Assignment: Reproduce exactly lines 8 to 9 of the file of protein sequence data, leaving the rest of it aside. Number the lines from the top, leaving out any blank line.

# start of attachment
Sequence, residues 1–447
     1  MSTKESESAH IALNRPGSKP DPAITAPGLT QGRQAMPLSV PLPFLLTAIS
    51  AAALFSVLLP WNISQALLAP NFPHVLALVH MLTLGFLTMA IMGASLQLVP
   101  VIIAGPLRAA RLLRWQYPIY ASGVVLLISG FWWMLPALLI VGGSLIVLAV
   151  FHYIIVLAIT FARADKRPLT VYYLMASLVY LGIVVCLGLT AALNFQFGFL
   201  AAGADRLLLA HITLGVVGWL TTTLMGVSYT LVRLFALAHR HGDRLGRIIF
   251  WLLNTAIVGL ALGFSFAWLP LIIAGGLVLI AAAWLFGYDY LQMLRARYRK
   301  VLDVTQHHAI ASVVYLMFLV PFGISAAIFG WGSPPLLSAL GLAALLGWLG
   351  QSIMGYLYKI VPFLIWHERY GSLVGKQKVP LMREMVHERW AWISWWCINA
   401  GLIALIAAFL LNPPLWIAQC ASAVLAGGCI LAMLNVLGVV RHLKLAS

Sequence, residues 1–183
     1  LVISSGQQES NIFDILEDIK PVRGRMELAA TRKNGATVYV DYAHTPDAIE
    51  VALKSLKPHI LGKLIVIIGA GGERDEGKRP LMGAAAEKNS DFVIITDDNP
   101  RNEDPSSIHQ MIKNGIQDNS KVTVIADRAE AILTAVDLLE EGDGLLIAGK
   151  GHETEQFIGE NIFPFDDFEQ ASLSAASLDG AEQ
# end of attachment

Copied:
   301  VLDVTQHHAI ASVVYLMFLV PFGISAAIFG WGSPPLLSAL GLAALLGWLG
   351  QSIMGYLYKI VPFLIWHERY GSLVGKQKVP LMREMVHERW AWISWWCINA